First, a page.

2011 News Archive

Thursday December 8, 2011

Edmonton, Alberta – Horse Racing Alberta (HRA) announced today the appointment of Mr. Rick LeLacheur as Chairman of the Board for a term of three years.

Rick LeLacheur comes to HRA with extensive business experience and community involvement. He brings to the industry many years of senior management experience in economic development, and tourism/sports management.


The Horse Industry Association of Alberta's educational booth was showcased in Edmonton as part of Farmfair for ten days this November. Three of the days were spent teaching elementary students how to care for horses as part of "The Fair at Farmfair." Farmfair welcomed 1106 kids in 49 classes from 27 different schools with 53aIMG_2671 teachers supervising. The other days were open to the public and many people from the Edmonton area stopped by the booth.


Washington, D.C. - Last night, November 14, 2011, the Conference Committee on HR 2112 consolidated appropriations for Agriculture, Commerce-Justice-Science and Transportation - Housing and Urban Development signed a conference report resolving differences between the House and Senate versions of the bill that for the first time since 2005 does not contain annual riders that prohibit USDA from providing necessary inspection for horse processing facilities.
The International Equine Business Association (IEBA) is a new association that is an outcome of the alliances that United Horsemen has formed with hundreds of entities like the National Tribal Horse Coalition, Charros Federation USA, horse councils, production agriculture, pet animal and animal entertainment groups, as well as international partners like the Horse Welfare Alliance of Canada.  The Association is eager to work with equine businesses, organizations, state, tribal, and federal agencies to maximize this opportunity.  


How to be prepared and what to do until your veterinarian arrivesAmberlistentoheart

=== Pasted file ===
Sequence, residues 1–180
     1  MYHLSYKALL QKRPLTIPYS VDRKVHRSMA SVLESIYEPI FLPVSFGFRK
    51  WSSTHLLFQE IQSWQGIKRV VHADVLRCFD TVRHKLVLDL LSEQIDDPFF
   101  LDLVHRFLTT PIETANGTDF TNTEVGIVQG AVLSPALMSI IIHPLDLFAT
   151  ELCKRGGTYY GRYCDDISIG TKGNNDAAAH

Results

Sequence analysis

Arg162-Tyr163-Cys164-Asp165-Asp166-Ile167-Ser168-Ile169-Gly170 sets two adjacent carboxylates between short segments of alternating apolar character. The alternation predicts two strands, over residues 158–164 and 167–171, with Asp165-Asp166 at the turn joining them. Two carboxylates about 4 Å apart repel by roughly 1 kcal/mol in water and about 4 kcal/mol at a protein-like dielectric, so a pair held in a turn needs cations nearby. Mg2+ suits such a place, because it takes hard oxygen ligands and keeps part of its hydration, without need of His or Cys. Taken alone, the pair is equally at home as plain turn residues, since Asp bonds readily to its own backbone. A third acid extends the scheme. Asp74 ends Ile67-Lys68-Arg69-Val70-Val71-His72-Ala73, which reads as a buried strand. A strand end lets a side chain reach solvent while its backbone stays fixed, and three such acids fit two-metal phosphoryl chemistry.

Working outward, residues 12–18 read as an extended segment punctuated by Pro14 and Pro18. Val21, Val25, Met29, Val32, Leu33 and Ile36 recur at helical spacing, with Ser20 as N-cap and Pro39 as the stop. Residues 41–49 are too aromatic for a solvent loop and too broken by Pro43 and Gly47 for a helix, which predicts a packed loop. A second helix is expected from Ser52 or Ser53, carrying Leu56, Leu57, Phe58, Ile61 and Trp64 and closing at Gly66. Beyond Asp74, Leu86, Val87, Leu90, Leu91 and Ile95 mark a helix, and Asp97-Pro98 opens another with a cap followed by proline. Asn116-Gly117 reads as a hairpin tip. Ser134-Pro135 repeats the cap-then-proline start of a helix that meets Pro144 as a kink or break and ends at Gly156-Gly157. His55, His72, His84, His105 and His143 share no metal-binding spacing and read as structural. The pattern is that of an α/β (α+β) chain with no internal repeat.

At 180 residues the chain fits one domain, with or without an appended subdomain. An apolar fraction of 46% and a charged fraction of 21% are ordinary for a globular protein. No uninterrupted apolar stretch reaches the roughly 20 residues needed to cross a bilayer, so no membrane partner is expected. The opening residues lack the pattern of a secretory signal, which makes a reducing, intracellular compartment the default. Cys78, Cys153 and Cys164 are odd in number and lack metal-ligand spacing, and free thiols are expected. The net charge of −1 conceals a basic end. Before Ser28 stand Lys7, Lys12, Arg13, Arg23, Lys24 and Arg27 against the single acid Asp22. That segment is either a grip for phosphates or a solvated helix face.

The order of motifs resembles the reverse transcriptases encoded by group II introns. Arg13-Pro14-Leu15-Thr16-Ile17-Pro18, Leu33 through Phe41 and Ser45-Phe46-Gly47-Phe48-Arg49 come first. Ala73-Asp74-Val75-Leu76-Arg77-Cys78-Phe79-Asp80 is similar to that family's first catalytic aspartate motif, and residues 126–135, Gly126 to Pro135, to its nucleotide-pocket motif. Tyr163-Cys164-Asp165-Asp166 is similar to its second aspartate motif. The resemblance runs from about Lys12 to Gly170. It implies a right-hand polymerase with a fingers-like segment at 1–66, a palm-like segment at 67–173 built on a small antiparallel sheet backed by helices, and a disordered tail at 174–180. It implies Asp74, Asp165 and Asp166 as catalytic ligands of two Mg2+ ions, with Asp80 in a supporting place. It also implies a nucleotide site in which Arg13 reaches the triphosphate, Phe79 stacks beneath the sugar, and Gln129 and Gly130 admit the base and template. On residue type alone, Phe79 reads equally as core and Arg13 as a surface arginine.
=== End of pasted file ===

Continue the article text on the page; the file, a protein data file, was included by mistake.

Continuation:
Written by Dr. Amber Myers, c/o Moore Equine Veterinary Centre, Ltd.

Accidents happen and the most important thing a horse owner can do, although at times it may be the most difficult, is to stay calm.  To prepare for the inevitable equine emergency, a horse owner can learn a few simple techniques to assess the condition of the horse, and to help the veterinarian in the case of an emergency. This article will cover how to take a horse’s vitals, some common horse emergencies, how to differentiate colic from choke, and what to do while waiting for the veterinarian to arrive.


OTTAWA, October 31, 2011: The Canadian Food Inspection Agency (CFIA) is implementing new measures to verify that horses are being humanely transported in accordance with the Health of Animals Regulations.

Effective January 1, 2012, all shipments of feeder and slaughter horses entering Canada from the United States by ground transportation will be required to proceed through designated ports of entry. Shipments will only be accepted during the CFIA's regular hours of operation.

The designated ports of entry have appropriate unloading facilities for horses and are staffed by CFIA veterinarians.

As of January 1, 2012, shipments of feeder and slaughter horses will not be able to enter Canada at other border ports of entry.

The new requirements apply only to feeder and slaughter horses. Imports of other types of horses (for example, riding or breeding horses) and other types of livestock are not affected by this change.



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